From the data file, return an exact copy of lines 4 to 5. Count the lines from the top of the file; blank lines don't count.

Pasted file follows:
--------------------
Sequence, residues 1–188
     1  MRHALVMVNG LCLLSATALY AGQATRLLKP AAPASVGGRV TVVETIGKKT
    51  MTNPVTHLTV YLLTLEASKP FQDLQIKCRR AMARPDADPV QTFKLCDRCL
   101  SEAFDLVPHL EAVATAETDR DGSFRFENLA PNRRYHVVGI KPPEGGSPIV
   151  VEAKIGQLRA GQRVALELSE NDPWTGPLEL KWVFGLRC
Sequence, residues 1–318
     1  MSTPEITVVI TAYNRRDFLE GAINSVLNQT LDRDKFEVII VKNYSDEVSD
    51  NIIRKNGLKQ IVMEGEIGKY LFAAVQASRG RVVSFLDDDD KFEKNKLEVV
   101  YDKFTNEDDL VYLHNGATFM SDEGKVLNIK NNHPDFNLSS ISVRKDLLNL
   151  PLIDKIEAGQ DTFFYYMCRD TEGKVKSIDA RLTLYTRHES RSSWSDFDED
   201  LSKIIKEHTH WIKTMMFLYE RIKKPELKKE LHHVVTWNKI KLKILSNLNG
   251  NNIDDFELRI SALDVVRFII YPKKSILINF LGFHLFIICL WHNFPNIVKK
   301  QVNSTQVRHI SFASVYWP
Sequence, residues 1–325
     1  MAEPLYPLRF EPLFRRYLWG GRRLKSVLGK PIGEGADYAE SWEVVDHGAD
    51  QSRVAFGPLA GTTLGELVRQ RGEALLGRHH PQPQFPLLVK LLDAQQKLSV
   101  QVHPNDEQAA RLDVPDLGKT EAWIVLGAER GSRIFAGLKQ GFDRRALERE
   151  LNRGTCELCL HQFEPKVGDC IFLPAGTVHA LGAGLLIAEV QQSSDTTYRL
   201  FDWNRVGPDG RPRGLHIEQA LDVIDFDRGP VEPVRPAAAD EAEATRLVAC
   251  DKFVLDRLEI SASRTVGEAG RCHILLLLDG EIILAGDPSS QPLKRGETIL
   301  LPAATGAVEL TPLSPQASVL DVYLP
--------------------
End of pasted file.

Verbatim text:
   101  SEAFDLVPHL EAVATAETDR DGSFRFENLA PNRRYHVVGI KPPEGGSPIV
   151  VEAKIGQLRA GQRVALELSE NDPWTGPLEL KWVFGLRC